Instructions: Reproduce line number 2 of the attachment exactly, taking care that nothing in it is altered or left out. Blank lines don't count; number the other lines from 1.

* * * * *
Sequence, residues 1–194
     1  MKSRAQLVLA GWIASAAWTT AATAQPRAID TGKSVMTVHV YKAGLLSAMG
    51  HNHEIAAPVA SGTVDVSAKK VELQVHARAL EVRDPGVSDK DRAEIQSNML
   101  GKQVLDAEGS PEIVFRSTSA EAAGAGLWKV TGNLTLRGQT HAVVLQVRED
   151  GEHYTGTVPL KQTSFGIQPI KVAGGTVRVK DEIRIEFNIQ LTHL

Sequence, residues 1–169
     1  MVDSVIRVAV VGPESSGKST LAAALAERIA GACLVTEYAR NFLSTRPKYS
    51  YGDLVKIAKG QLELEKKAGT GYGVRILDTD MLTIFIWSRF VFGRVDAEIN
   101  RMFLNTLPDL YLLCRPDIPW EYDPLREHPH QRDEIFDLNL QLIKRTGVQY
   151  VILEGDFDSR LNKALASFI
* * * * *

     1  MKSRAQLVLA GWIASAAWTT AATAQPRAID TGKSVMTVHV YKAGLLSAMG